Next, you’re going to have to really accept what happened. The person came into your life and they’ve hurt you. It was real. The feelings that followed were real too. In order to move on, you need to accept that there is absolutely nothing in this world that you can do NOW to change what happened BACK THEN. Really let this sink in.

Step 3: Change perspective

This may come to you as a surprise, but most of the things that other people do to us (when they hurt us) are not personal. They usually have nothing or very little to do with us, and everything to do with them. People behave in certain ways and act in order to get their own needs met. The victim is often just an easy target for a deeply flawed person to get their needs met, e.g. in the case of bullying.

You might find that the guy who bullied you in high school was actually bullied, abused and constantly emasculated by his own father. At home, he felt weak and faulty. As the attacker, he was in control.

Understanding what made the other person behave in such a way can help you move on. You may even begin to empathise with them. Know that this isn’t intended to excuse the person or their actions towards you. What they did WAS wrong. It’s simply intended to help you understand how they came to be this way.

Write down everything you know about this person’s life story. Where did they grow up? What kind of childhood did they have? What were their parents like?What difficulties did they have to overcome in their life, e.g. bullying, poverty, domestic abuse, alcoholism? How do you think they may have suffered? Did they develop issues as a result of their hardships?Try to decide what was the reason for their behaviour towards you (if there was one).

Step 4: Write a letter of forgiveness

This last step can be difficult. Especially if you’ve been holding onto your grudges for a very long time. In this case, you might want to take a few days to yourself before writing the letter. Just to really digest it all. You need to 100% ready to forgive, as you will treat this step as entering into an agreement with yourself:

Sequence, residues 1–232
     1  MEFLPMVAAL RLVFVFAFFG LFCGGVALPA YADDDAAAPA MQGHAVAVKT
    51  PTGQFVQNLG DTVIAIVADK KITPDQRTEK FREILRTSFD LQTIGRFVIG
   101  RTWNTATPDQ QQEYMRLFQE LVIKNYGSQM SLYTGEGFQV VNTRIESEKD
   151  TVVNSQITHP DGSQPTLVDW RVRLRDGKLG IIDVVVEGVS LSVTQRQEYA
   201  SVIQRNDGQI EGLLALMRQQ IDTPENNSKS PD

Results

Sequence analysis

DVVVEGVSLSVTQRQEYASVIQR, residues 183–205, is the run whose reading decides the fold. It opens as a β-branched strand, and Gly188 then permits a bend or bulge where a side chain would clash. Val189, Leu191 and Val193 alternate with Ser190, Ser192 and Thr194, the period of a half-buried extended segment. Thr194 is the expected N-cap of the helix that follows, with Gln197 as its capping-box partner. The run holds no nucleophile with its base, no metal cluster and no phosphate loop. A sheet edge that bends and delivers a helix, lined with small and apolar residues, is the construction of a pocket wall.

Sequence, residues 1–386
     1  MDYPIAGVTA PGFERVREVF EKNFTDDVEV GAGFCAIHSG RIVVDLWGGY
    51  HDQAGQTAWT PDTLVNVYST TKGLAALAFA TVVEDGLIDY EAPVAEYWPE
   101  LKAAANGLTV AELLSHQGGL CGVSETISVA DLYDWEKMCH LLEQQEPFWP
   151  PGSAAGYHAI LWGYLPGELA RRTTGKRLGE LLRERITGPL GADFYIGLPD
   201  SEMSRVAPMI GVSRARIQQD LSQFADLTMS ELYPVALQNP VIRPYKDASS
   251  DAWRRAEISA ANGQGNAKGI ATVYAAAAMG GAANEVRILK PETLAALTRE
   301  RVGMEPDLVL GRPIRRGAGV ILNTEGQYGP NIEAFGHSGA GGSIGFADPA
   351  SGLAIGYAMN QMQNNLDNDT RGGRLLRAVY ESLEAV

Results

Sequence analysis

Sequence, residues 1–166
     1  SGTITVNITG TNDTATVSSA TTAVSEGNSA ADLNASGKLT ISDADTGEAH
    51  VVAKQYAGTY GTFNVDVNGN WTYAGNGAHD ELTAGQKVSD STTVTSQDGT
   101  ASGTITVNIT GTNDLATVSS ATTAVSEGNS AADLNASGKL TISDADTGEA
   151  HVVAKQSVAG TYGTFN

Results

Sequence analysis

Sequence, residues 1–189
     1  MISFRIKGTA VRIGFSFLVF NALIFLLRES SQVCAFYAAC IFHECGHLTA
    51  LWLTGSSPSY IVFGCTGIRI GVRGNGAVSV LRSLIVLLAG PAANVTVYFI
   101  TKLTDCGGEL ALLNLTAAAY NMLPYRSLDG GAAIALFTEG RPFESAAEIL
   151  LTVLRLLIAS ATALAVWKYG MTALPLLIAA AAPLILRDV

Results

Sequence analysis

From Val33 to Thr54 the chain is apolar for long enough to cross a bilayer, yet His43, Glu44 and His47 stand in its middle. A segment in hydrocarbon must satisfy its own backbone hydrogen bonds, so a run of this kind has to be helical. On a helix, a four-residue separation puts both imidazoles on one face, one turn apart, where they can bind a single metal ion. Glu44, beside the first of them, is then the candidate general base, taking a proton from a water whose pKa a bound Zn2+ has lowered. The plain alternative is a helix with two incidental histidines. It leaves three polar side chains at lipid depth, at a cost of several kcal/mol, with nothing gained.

That by choosing to forgive you will no longer seek justice or revenge. You won't wish badly on the other person or speak badly of them. You’re releasing them and as you do so, you’re also releasing yourself.That you’re giving up the ‘right’ to hold their actions against them and bring it up in the heat of an argument, e.g. cheating.

When you feel ready to take this last step, begin by writing “Dear [name]” at the top of a new page. Next, pour out everything that you want them to know, based on the previous tasks you’ve completed and the things you’ve learnt so far. You can tell them that:

You understand them. You know it wasn’t fully about you.You feel pity for them. Explain why.You forgive them.

At the end, say goodbye and choose to let them go.

Life after forgiveness

Know that you don’t have to show your letter to the person that you’re writing it to. It was written for you and for the purposes of forgiveness only. Don’t use it as a weapon against them – showing it to them with the hidden intention of hurting them and making them see how badly they’ve hurt you. You can burn, shred or dispose of the letter in a letting go ceremony once you’re done with it. It can also help you to read the letter out loud to yourself.